Of the many things I don’t do that cause me a small pang from time to time, like speak a language other than English,
keeping a book of poetry on my reading table ranks probably in the mid to low range on the list of regrets. A small twinge, barely a pang,
unless someone quotes Rilke or Rimbaud or really any poet they truly love. Then my twinge swells to a full-size pang. For a while at least.
Soon I’ll be back to my mostly non-fiction reading habits.
Yet I can’t look at a poppy without having the incantation “little hell flames,” pop in my head, from Sylvia Plath’s poem on poppies from Ariel.
And I’m one that never remembers anything I’ve read verbatim, so this doubly astonishes me. In fact, I had to look up the title, which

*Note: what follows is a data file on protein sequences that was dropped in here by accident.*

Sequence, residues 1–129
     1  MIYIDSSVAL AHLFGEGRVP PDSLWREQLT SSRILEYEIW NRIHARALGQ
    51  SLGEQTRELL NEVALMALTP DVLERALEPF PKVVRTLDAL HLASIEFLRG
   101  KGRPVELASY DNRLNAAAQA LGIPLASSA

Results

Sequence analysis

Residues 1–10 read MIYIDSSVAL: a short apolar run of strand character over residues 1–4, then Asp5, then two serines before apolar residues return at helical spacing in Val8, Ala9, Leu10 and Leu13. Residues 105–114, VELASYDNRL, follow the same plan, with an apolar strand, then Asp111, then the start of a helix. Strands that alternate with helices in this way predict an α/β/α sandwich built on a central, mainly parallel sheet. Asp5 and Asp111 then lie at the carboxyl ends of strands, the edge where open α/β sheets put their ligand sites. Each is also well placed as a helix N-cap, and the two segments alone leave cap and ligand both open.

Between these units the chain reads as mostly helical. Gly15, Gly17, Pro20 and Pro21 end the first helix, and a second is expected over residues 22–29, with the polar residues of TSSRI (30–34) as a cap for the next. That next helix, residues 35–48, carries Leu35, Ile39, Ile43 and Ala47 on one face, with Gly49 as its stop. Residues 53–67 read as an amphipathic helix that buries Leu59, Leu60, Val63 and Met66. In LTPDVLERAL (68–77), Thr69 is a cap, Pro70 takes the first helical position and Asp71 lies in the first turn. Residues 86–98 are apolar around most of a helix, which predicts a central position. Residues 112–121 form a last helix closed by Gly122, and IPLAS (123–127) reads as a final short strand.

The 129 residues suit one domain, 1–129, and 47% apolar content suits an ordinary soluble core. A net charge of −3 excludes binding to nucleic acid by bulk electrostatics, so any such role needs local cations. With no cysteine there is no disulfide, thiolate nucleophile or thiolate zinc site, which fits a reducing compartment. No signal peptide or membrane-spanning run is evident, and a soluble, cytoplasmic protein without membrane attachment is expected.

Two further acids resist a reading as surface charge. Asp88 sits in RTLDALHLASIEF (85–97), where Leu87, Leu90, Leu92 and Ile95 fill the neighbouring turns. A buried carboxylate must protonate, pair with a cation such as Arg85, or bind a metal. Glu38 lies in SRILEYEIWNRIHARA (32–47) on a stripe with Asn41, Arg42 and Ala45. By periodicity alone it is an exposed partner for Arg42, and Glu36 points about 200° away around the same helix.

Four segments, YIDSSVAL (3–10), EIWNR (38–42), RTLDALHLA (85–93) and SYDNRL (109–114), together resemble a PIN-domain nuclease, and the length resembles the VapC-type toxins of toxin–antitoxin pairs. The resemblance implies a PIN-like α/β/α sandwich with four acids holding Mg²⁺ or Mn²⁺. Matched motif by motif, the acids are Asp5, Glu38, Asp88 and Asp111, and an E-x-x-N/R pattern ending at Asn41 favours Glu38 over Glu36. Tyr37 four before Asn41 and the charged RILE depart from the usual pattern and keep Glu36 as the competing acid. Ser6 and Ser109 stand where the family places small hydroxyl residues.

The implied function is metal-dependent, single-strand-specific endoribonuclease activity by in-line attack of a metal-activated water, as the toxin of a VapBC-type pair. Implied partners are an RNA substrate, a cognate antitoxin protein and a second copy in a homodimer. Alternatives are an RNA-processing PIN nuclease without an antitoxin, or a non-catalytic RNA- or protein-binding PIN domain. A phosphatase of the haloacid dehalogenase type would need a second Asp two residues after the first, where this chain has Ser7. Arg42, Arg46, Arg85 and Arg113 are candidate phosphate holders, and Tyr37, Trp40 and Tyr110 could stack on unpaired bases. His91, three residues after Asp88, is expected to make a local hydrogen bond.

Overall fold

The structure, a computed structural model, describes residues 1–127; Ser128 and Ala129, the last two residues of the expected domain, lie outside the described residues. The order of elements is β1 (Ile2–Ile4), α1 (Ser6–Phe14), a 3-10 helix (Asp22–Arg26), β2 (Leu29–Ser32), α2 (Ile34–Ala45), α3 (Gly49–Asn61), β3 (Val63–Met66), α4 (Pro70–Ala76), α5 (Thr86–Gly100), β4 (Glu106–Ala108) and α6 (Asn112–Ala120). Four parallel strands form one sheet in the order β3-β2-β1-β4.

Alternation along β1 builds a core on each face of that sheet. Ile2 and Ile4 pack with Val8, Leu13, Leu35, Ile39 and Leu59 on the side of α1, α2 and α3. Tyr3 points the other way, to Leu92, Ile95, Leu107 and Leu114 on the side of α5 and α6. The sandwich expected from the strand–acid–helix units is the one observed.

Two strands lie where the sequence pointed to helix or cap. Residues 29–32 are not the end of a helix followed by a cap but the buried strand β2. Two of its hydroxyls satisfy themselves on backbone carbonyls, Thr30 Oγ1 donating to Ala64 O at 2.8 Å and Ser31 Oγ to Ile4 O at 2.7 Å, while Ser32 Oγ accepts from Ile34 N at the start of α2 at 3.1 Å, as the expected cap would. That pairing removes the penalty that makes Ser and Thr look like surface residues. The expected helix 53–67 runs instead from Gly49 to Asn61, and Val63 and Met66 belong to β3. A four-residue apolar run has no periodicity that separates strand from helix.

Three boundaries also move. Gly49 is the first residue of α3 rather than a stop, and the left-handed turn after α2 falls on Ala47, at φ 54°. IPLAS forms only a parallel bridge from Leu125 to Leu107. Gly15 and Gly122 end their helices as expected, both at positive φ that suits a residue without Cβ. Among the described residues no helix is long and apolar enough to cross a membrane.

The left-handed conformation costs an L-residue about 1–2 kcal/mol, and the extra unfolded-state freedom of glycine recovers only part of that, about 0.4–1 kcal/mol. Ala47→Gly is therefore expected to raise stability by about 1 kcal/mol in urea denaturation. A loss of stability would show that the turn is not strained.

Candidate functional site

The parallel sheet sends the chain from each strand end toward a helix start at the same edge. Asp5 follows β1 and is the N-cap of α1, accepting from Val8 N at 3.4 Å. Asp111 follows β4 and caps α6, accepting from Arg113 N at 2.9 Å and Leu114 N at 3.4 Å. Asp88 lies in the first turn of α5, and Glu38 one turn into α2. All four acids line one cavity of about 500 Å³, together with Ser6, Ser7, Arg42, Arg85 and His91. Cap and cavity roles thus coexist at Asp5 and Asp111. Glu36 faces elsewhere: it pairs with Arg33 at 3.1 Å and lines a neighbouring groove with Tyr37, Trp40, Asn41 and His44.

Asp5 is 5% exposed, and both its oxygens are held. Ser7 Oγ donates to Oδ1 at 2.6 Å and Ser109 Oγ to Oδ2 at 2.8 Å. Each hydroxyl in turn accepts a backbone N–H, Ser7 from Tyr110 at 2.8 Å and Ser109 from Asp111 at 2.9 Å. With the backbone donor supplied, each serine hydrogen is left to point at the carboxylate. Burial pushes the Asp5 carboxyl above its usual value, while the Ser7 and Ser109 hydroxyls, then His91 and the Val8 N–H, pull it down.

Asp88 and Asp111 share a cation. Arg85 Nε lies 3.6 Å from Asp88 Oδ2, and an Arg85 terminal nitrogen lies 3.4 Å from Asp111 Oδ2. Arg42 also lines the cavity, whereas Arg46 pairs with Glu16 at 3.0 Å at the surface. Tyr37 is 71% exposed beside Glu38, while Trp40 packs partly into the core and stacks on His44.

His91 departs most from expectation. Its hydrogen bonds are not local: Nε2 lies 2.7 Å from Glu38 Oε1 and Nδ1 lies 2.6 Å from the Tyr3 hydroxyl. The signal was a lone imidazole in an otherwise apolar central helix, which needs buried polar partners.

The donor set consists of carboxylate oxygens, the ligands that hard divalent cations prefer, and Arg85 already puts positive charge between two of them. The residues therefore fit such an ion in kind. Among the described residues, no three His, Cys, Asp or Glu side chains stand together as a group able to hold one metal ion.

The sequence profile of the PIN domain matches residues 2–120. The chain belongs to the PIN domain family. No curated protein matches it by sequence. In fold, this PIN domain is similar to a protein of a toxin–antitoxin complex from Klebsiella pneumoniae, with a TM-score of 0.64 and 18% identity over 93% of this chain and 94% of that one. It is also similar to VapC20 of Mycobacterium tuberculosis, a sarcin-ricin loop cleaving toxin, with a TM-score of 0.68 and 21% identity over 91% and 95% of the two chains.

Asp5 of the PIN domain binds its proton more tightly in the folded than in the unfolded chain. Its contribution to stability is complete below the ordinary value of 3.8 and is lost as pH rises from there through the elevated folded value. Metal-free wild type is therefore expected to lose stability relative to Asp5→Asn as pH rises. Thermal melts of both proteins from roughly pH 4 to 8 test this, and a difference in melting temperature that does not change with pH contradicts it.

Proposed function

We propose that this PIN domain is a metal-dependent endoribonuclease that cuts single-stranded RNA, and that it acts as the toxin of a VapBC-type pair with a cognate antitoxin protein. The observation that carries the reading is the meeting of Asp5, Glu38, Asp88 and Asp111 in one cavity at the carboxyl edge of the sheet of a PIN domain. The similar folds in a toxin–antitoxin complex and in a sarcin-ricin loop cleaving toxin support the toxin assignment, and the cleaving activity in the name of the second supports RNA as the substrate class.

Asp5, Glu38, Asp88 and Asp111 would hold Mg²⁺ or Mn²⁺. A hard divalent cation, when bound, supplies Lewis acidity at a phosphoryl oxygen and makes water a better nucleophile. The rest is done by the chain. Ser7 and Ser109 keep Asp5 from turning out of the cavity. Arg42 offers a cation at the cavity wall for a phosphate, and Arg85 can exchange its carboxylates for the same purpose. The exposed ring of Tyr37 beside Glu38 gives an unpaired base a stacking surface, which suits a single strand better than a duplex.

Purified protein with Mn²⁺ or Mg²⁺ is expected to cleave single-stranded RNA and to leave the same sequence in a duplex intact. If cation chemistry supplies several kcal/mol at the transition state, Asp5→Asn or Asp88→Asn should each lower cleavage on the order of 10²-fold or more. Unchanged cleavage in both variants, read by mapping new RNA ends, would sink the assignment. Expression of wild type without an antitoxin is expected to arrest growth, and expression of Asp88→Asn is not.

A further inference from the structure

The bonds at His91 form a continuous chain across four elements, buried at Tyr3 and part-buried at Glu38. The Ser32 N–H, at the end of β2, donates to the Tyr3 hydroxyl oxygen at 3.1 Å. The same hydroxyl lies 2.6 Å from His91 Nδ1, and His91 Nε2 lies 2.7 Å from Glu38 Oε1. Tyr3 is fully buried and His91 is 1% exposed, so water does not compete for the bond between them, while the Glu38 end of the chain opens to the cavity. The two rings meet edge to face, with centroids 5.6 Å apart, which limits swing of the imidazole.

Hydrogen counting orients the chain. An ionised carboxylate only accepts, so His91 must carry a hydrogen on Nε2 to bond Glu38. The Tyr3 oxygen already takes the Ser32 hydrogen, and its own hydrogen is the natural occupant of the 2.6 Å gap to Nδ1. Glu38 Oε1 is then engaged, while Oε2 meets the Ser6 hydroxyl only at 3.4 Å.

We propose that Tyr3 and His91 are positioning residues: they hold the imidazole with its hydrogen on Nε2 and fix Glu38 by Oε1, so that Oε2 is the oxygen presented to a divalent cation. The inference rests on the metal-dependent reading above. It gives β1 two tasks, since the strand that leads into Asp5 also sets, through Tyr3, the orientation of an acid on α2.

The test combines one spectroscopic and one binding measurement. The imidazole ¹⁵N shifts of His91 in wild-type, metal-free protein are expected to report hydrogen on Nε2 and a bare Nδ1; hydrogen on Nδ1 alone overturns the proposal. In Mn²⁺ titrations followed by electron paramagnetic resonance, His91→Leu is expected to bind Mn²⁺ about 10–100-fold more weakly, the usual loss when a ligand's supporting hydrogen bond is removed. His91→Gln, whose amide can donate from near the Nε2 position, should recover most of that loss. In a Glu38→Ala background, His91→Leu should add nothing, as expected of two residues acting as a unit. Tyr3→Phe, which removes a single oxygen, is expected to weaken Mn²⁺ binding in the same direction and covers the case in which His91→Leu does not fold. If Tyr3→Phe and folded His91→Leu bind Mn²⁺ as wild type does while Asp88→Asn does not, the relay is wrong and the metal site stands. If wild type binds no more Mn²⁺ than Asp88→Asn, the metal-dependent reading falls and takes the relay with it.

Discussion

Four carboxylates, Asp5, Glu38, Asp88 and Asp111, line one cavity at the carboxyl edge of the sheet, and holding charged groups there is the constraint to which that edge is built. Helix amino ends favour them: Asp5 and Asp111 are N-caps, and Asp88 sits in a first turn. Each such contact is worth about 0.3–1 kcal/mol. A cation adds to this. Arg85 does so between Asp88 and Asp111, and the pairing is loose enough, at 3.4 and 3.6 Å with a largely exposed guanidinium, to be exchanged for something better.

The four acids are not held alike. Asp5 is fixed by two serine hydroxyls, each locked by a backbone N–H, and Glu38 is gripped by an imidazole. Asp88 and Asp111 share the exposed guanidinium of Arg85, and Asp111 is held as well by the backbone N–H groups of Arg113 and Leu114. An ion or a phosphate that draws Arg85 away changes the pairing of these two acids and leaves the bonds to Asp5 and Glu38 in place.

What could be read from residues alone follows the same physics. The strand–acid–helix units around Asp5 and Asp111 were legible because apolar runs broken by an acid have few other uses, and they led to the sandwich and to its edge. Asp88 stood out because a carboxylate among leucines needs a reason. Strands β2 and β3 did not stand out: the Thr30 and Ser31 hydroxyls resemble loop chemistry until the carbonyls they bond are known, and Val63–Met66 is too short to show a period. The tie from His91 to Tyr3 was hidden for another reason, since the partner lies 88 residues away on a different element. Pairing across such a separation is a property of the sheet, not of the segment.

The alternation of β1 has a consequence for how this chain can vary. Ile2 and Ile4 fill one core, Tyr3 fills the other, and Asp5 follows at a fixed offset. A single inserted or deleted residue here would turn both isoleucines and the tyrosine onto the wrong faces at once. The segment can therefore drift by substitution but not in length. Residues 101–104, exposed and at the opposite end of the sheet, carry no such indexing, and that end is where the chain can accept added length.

is “Poppies in July,” a cold, bitter poem of betrayal, of which I retained just those three words that, 20 years later, incongruously enough,
I still mentally recite in delight at the sight of….poppies.
Which just proves that, to paraphrase Dorothy Parker, when asked to use the word “horticulture” in a sentence, you can lead a horticulturist
to culture….but you can’t make her miserable with sad poems when spring is here.